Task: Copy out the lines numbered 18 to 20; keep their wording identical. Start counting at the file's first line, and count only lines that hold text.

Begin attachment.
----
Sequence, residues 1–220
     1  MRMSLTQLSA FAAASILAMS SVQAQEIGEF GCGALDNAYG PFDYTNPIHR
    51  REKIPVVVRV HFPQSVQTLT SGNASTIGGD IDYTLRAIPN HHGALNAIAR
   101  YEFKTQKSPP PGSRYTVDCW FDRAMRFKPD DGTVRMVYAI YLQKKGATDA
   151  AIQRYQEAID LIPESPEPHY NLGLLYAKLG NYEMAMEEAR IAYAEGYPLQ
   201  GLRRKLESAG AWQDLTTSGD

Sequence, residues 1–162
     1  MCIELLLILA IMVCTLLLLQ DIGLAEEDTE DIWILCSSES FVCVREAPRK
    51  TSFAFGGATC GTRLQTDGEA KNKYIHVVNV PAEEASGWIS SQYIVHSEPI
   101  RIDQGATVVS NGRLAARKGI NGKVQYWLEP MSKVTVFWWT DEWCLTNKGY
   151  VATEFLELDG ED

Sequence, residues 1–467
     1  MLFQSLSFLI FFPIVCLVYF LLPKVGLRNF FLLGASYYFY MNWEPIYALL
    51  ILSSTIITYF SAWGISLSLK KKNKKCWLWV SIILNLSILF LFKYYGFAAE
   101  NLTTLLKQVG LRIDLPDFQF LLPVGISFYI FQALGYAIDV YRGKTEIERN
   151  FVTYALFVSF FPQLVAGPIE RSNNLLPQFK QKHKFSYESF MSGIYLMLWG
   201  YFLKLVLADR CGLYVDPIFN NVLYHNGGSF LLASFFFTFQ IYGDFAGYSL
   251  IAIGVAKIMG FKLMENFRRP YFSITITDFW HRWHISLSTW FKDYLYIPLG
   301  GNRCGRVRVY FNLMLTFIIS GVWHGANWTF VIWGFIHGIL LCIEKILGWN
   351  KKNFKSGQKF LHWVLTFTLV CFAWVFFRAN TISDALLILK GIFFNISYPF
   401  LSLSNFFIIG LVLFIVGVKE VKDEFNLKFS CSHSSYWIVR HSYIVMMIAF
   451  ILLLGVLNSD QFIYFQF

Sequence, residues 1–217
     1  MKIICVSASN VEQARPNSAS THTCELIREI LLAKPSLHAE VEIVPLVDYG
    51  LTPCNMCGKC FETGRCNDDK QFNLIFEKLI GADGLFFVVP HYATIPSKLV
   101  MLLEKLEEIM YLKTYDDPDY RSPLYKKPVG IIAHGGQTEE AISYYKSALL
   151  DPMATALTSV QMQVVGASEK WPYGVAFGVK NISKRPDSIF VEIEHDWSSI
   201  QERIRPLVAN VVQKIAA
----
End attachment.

   251  IAIGVAKIMG FKLMENFRRP YFSITITDFW HRWHISLSTW FKDYLYIPLG
   301  GNRCGRVRVY FNLMLTFIIS GVWHGANWTF VIWGFIHGIL LCIEKILGWN
   351  KKNFKSGQKF LHWVLTFTLV CFAWVFFRAN TISDALLILK GIFFNISYPF